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Young people pose for photos at the site of the first National Congress of the Communist Party of China in Shanghai
Young people pose for photos at the site of the first National Congress of the Communist Party of China in Shanghai
Jo Tei, Chan Yat Do and Jeung Yet Gwang

BEIJING — "Ever since I was a kid, I've always wanted to join the party..." Yanru, a 22-year-old university student studying at a well-known university in northern China, just became a CCP member last year. For her and her peers, joining the Chinese Communist Party is something that just seems natural: "It has led us to victories, fought back the foreign colonists, and built up the strong and prosperous new China today."

For Yanru, the purpose of joining the party is to serve the society, and to be useful for the country. "There is only one correct motive for joining the party, that is to serve the people with full hearts, and to eventually fully achieve communism," she wrote in her membership application letter.

But for others, being a party member is also a proof of excellence, a sign of elite status. Another young Chinese university student, Jieru, wants to join the party simply because she wants to become a civil servant. With young people becoming more focused on finding employment in the public sector, and the national civil servants admission exam becoming more competitive, all are aware of a tacit soft rule that CPC members have more chances of being selected for such posts.

In online forums, there are countless articles explaining the benefits of joining the party: a CPC membership would be an advantage when working in public administration and state enterprises. Some enterprises and institutions will list "Party members first" in their job postings, and some positions are deemed exclusive to the CPC.

Chinese President Xi Jinping talks with students at a primary school in Zhongyi — Photo: Xie Huanchi/Xinhua/ZUMA Wire

In a 2016 speech, President Xi Jinping declared that the Chinese state-owned enterprise system was "special" for the integration of the Party's leadership in corporations. According to a bank manager from southern China, there now exists an atmosphere in enterprises where everyone is actively joining the party without external motivation, which was gradually formed since Xi came to power. "Without party membership, you don't even dream of promotion."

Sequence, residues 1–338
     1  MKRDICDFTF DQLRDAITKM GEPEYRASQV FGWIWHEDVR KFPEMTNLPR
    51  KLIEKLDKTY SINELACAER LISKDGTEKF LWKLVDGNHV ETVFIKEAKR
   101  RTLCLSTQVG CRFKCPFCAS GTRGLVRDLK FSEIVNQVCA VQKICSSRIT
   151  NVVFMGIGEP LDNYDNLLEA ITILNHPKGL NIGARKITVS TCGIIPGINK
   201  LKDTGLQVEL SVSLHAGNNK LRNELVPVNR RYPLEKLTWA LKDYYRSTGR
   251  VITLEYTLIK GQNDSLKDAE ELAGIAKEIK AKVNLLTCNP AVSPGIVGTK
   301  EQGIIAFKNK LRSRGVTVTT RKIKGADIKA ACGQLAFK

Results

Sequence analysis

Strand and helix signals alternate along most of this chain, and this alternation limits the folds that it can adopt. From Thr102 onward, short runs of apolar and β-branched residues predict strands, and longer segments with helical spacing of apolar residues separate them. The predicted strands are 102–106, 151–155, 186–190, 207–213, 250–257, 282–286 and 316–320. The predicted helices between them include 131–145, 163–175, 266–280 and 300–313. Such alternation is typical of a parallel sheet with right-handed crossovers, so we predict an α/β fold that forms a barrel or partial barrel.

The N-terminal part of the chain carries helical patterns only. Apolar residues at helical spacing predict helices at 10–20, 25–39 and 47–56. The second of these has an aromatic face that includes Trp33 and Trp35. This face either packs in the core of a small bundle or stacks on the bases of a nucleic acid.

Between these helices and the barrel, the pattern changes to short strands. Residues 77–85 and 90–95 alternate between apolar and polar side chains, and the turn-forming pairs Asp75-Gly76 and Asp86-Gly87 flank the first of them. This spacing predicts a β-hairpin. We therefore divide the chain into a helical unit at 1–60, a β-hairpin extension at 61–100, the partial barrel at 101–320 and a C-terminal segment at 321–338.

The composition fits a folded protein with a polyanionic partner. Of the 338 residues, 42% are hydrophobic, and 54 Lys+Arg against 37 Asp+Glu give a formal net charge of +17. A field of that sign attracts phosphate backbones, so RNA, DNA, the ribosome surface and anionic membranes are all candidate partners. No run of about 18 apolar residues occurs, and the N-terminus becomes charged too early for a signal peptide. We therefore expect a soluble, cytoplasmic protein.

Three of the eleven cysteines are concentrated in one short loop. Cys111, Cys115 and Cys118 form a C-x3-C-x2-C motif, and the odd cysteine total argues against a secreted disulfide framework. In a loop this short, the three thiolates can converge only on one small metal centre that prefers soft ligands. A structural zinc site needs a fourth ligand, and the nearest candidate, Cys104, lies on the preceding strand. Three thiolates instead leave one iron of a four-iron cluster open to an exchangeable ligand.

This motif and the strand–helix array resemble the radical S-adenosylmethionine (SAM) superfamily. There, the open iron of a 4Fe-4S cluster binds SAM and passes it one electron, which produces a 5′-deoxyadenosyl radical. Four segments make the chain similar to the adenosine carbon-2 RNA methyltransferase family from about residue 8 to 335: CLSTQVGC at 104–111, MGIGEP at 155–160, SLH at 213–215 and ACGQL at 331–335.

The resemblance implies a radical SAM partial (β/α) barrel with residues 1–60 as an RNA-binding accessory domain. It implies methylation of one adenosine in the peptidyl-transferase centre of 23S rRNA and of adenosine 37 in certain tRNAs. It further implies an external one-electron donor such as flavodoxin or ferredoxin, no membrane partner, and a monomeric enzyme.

But the party is also limiting membership admission under Xi, with its focus shifted to monitoring "the quality of membership." Following this initiative in 2013, newly admitted numbers in the party have been declining each year, meeting its lowest point in 2017 with 117,000 new members. Even so, in some universities, teachers have to motivate students to join the party in order to fulfill the "quotas and orders from above."

Nevertheless, it is no simple task to join the CPC. Apart from the strict examinations on political profile, academic performance and social engagements, candidates also need to take classes, while going through at least six months of waiting to pass on to the next selection steps. Loads of paperwork is also unavoidable, especially when some of the CPC branches' administrations are in chaos.

The irony is that, in reality, becoming a CPC member does not change one's life much. Qiuyuan, a university student, recalled that the only highlight was the admission ceremony, where 30-40 new members solemnly made the vow: "We are ready to sacrifice everything for the party and the people." Qiuyuan was shocked by the pledge: "Were they actually serious about this?"

Still, for most people, party membership only leads to more meetings and orientation activities, such as visiting "patriotic travel sites," and group meetings where members are encouraged to communicate and conduct "constructive critique." The latter is a response to Xi's initiative in 2016, "Criticism and self-critique are the medicine and care for our comrades… we need to name the problems, raise opinions and evaluate the harms."